There has been significant evolution of our technique due to our experience, newly available instruments and the experience of others worldwide (Table (Table2).2). We did not have access to endoscopic submucosal dissection (ESD) knives initially because they were not available in the United States. We partially overcame this by obtaining prototypes of ESD knives and using them in our animal lab, and thus are familiar with them prior to human use. We did our first POEM procedures with the tunnel created by a dilating balloon (often a biliary balloon). There is concern with the blunt dissection caused by the balloon in terms of possible mucosal damage. The myotomy was performed with a needle knife. We used the triangular tip knife (Figure (Figure3)3) when it became available and as described by Inoue. Now, we employ the T-type hybrid knife (Figure (Figure4)4) and avoid use of the balloon. Thus, submucosal injection can be made without need for exchanging devices. One POEM center (Shanghai group) touted the hybrid knife as superior to other knives and also used it in humans.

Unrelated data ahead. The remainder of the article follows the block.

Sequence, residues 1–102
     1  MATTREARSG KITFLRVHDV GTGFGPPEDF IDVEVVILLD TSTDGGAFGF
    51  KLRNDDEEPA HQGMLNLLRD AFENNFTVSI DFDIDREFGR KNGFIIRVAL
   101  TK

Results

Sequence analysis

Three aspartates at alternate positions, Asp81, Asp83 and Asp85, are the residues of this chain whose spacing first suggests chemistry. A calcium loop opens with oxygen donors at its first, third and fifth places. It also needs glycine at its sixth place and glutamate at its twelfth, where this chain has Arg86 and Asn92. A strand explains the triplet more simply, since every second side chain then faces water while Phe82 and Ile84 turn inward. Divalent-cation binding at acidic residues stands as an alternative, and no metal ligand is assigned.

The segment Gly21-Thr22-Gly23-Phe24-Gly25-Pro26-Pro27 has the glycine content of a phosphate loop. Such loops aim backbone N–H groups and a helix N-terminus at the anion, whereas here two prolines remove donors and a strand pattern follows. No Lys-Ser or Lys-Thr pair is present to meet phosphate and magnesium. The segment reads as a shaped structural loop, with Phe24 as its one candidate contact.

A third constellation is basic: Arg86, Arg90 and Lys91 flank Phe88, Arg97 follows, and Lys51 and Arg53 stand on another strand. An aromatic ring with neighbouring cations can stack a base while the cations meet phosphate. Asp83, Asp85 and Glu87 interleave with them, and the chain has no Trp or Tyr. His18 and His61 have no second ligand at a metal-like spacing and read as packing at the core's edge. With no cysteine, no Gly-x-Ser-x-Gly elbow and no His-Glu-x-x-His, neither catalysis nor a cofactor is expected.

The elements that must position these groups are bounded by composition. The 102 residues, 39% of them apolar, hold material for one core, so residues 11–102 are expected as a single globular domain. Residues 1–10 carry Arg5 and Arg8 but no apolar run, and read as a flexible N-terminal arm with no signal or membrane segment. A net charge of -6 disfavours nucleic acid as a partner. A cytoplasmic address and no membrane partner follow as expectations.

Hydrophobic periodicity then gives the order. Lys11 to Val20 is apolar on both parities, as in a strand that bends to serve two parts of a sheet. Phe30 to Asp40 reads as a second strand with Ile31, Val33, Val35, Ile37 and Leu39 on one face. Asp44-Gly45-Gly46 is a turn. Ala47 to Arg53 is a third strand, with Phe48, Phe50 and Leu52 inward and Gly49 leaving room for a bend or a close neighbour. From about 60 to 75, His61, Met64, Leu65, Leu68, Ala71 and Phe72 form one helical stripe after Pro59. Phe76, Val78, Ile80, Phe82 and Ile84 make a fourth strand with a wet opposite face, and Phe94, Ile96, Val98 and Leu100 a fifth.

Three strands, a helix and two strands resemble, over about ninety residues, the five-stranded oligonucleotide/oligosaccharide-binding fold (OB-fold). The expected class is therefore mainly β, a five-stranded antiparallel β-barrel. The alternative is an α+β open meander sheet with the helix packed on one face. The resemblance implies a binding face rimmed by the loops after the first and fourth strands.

The LES in humans has multiple components that include a weaker thinner clasp (circular) part on the gastric lesser curvature centered at 2 o’clock with 12 o’clock defined as the most anterior point and a sling (oblique) fiber part centered on the left posterior lateral wall of the LES at 7 o’clock and draping over the anterior and posterior walls at 5 and 11 o’clock respectively (Figure (Figure5).5). The sling fibers represent a significant barrier to reflux. Laparoscopic Heller Myotomy usually involves transection of the sling fibers at 11 o’clock and thus reflux symptoms are common after laparoscopic heller myotomy (LHM). On the other hand, most POEM operators begin the SM tunnel at 2 o’clock which may minimize post-procedure reflux, but the tradeoff is with less than optimal efficacy because LES disruption is the key factor in achalasia intervention. We and others (Shanghai group) that employ a predominant 5 o’clock for the mucosal entry point and submucosal tunnel may have better relief of dysphagia because of dissection of the sling fibers but at the expense of mild reflux. At our center, patients with gastroesophageal reflux disease after POEM respond well to medical therapy. Conceivably, the decision regarding the mucosal entry site may be based on manometry findings where those achalasia patients with a normal or low LES pressure may receive a myotomy in the 2 o’clock while the majority of the other achalasia patients would be best served by a 5 o’clock incision. We can assess the quality of the myotomy by visualization and tactile assessment of the LES pressure by passage of the gastroscope. We and others assess the esophagogastric junction distensibility quantitatively with the EndoFlip system during POEM. In one patient from our series, we were dissatisfied with the results of gastro esophageal junction distensibility after the 2 o’clock position myotomy was performed, so it was followed by a second complete myotomy at the 5 o’clock position with good results.